- P0176: A significant hardware problem has been detected in the powertrain control system
What happens if PCM goes bad?
If PCM goes bad a lot of other things in the vehicle will malfunction as well because the PCM is not able to coordinate the components it should. For example, the Powertrain control module is responsible for measuring the amount of air taken in then provide the right ratio of fuel to archive a complete combustion.
Continuing to run a vehicle with a bad PCM could cause further damage. Because the PCM controls the emissions of your car, a failed emissions test or the presence of oddly-colored or foul smelling exhaust may be a sign that your PCM is going bad. A malfunctioning PCM will activate dashboard error lights.
Can you fix a PCM?
Unlike the alternator, fuel pump, filter, radiator and motor starter, Powertrain control module is not a mechanically built component. The PCM is and electronically operating computer chip.
Remanufacturing in this case usually means testing the computer, isolating and repairing any faults that may be found, then retesting the computer to make sure everything works correctly.
Is a PCM and ECM the same thing?
The terms PCM (Powertrain Control Module), ECU (Engine Control Unit) and ECM (Engine Control Module) can sometimes be used as interchangeable generic phrases for the same thing – a control unit for the engine/transmission system.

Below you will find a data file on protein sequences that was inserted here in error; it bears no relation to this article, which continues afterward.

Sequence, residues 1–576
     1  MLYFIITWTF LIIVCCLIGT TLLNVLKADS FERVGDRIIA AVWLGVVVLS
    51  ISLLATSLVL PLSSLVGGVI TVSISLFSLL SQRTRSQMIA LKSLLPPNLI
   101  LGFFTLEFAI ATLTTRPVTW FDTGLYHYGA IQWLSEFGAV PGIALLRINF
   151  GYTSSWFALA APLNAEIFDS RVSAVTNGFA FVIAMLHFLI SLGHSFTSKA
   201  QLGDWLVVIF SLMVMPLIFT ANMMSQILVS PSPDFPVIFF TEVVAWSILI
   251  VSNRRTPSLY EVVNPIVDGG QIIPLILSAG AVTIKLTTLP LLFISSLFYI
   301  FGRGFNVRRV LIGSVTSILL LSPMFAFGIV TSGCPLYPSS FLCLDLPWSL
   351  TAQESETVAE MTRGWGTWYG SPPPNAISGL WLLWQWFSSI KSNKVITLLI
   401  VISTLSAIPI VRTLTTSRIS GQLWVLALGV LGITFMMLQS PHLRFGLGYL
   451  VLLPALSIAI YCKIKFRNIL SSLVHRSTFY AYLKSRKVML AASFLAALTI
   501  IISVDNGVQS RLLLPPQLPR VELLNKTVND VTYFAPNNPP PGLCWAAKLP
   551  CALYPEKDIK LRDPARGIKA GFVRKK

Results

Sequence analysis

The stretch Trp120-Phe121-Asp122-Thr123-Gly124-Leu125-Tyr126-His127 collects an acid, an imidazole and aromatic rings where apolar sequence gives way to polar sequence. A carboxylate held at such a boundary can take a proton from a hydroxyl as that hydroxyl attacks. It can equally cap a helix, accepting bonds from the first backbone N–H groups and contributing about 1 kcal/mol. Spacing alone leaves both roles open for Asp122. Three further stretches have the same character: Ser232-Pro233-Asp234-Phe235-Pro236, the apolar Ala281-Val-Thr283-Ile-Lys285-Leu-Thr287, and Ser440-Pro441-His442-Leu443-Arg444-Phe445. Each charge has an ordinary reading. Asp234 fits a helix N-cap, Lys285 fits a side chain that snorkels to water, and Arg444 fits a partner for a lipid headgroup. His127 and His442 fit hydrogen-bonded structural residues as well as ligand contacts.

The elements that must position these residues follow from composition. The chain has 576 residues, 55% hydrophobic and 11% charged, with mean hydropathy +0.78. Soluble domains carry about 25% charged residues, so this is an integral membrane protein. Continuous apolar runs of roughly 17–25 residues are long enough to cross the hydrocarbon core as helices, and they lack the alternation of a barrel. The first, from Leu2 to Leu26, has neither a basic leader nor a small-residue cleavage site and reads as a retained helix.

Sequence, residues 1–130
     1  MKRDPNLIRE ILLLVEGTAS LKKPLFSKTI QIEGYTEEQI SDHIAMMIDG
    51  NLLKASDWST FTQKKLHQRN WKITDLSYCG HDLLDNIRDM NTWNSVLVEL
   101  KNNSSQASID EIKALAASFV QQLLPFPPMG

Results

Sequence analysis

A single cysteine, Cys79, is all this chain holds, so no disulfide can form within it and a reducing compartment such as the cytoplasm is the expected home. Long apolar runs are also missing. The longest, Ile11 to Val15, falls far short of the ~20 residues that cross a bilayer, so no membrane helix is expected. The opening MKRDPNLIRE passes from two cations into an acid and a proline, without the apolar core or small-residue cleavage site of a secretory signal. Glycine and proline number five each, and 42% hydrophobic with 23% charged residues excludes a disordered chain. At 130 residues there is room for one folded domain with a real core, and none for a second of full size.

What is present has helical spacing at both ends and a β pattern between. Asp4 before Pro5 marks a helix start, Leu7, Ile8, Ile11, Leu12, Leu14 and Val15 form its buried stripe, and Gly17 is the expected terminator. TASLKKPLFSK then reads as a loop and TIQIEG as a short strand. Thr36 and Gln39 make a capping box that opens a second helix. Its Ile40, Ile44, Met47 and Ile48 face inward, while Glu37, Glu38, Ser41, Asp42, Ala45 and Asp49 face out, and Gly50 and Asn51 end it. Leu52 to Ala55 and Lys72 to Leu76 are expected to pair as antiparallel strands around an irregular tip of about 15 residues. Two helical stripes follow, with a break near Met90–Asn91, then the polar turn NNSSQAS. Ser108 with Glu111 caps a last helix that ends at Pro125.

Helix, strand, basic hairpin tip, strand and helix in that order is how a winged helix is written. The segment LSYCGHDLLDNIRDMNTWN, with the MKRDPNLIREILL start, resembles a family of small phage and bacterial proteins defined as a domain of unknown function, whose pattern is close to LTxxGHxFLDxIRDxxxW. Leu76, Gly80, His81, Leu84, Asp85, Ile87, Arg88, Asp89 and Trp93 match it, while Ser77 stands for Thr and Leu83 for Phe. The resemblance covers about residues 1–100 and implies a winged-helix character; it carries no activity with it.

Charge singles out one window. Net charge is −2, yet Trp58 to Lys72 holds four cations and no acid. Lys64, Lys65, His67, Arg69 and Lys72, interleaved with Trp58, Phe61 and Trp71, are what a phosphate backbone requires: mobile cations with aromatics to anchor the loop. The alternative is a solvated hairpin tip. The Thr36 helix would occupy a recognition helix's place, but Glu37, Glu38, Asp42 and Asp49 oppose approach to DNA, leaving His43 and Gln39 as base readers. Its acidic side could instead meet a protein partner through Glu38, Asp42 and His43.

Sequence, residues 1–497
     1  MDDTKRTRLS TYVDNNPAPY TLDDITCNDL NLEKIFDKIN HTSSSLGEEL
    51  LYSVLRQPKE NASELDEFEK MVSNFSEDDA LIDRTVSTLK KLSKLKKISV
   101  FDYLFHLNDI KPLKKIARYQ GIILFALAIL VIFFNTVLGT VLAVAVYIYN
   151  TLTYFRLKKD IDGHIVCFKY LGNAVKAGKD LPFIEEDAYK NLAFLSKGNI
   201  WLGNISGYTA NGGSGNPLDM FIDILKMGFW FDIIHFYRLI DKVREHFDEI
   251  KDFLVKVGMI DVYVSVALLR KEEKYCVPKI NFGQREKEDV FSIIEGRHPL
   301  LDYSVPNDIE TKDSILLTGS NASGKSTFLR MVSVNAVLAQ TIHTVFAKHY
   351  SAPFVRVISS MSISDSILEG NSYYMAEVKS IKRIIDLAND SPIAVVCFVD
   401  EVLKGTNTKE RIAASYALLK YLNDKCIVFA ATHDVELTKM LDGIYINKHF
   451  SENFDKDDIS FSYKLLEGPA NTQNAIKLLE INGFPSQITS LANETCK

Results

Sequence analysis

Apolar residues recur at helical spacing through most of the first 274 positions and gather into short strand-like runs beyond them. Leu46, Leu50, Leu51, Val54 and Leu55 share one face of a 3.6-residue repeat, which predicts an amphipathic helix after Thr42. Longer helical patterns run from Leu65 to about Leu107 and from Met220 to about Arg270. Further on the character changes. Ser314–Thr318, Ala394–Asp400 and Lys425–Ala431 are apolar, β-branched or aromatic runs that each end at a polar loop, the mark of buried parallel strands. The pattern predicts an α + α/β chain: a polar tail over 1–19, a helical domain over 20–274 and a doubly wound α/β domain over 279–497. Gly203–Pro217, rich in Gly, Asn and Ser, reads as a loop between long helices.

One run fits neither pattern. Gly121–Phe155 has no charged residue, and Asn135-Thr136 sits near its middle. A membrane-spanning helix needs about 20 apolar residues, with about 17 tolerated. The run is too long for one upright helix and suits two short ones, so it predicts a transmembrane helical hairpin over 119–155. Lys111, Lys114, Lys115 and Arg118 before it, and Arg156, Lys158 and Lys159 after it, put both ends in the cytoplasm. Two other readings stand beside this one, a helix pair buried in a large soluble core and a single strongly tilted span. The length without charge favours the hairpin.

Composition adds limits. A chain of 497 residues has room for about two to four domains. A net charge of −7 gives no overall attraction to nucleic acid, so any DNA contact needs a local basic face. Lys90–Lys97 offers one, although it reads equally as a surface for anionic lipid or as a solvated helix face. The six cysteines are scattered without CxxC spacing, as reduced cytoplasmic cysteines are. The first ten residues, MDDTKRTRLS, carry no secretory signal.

So the answer to the question is PCM and ECM the same thing is NO. they are two different components but are interdependent.
Modern computer vehicles are more reliable and effective that old automobiles are. When computer failure occurs it can impact multiple aspects of vehicles at once.
This article will review the Common PCM Failure symptoms and what it means for your vehicle. Powertrain Control Module PCMs are mainly operated by one Computer.
The system controls engine control and transmission control modules. The PCM module is responsible for its engine transmission controlling module.
A failure in the PCM can be attributed to engine or transmission issues in your vehicle. Other very obvious pcm failure symptoms include Code Scanning, Inspect wiring and sensors, Check your battery and Try a replacement.